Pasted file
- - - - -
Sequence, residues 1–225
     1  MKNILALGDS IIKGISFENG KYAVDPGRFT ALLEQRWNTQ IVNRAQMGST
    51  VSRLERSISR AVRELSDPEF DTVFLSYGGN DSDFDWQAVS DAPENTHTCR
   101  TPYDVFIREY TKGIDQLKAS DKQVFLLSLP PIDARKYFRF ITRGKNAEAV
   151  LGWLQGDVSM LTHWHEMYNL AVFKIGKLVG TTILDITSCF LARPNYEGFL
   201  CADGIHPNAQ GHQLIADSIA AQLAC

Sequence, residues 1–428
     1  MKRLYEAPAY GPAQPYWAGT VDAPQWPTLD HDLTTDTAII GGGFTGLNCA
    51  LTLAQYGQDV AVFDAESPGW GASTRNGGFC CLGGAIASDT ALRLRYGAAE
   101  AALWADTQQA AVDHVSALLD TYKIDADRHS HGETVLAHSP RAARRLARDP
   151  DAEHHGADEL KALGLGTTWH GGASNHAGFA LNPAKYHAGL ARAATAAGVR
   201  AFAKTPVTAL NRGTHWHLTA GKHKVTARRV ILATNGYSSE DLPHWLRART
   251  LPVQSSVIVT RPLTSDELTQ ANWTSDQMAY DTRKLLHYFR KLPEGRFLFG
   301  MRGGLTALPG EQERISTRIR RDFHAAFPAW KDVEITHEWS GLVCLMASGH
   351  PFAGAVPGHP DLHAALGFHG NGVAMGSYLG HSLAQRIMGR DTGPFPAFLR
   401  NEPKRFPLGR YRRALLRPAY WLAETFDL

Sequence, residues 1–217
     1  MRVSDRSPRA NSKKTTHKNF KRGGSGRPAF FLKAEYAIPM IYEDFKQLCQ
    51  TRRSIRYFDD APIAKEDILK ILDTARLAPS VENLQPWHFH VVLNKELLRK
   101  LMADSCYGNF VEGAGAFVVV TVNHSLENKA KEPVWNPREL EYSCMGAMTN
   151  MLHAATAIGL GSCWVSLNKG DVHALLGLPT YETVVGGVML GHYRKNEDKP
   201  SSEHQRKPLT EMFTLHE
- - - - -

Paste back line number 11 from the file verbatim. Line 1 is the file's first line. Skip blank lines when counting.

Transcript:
   151  DAEHHGADEL KALGLGTTWH GGASNHAGFA LNPAKYHAGL ARAATAAGVR